Good medicine for the body, mind and soul!
The Lower Kootenay Band welcomes you to Ainsworth Hot Springs Resort in the traditional homelands of the Ktunaxa (pronounced ‘K-too-nah-ha’) people. Since time immemorial, the Ktunaxa people have utilized this site as a place for healing. After battle, warriors would soak in the spirit waters (nupika wu’u) to ease the wounds.
Tap into the history, fun and therapeutic potential of a visit to the Ainsworth Hot Springs cave and pools. Get a birds’ eye view of Kootenay Lake and the Purcell Mountains while soaking in the warm soothing waters of the main pool. Explore our distinctive hot mineral cave where the water surfaces from the earth, creating a natural steam bath. Stalactites form in abundance inside the caves.
This four season destination resort offers blue skies and golden sunshine in summer with vibrant colours and crisp clean air in the fall. It is the perfect complement to the calming effects of the hot springs. Winter adds a magical touch to soothing tired muscles after a day of skiing or just visiting with family.
If you take the road that is behind the hot springs and follow it up the hill, (you will need clearance under your vehicle) it will take you to the historic Ainsworth Cemetary. This is actually the third burial site in Ainsworth, the first being under a private dwelling. A visit to the cemetary is well worth it. It is hard to find something more peaceful than sitting on the cemetary bench and enjoying the incredible view over Ainsworth and Kootenay Lake.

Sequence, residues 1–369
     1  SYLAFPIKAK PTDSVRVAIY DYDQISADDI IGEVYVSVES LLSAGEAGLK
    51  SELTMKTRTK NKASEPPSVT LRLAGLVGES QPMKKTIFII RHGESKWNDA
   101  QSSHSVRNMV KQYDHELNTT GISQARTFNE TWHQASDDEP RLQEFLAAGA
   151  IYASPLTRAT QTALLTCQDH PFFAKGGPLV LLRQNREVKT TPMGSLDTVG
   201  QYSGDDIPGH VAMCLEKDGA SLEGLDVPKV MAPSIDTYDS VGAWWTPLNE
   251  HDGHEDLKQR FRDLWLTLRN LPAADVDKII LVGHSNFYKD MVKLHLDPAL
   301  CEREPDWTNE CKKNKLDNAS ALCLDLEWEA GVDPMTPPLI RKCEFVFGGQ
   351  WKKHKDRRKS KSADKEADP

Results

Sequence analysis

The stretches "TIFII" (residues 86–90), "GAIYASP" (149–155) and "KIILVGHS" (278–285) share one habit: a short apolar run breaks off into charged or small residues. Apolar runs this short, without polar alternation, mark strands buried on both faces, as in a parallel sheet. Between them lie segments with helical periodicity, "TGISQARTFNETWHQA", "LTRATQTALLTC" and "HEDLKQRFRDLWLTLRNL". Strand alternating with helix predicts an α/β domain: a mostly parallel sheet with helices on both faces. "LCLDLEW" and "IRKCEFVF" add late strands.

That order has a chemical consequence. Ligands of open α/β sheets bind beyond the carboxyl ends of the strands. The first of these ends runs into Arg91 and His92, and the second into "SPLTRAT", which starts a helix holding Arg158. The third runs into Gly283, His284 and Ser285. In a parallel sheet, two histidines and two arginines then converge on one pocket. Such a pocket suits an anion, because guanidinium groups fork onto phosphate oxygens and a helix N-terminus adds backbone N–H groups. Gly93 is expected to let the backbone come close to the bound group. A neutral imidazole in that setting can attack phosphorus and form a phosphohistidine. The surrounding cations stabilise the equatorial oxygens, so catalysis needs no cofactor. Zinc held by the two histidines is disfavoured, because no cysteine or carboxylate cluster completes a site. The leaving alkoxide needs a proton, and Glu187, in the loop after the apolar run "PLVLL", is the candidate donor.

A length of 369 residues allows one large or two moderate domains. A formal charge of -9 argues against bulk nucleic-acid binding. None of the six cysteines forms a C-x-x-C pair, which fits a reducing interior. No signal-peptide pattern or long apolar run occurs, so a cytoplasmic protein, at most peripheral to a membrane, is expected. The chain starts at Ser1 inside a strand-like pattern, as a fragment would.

Like most of the area, the early settlers were here for the promise of gold, silver and other riches from the ground, and Ainsworth was a big part of it. Ore was packed by foot for a mile and a half down the moundain side, from the Krao mine, to the lake to be barged to Bonners Ferry, ID.
The 166 acre townsite of Ainsworth was actually purchased from the Crown in 1883 by an American, John C. Ainsworth. Although 13 years later, in 1896, Ainsworth had a devastating fire that leveled many of the down town businesses but strong silver prices and the entreprenurial spirit helped
Ainsworth quickly rebuild itself.
All mines in the camp became inactive by the end of the 1890’s once the prices fell and production costs rose for the ore.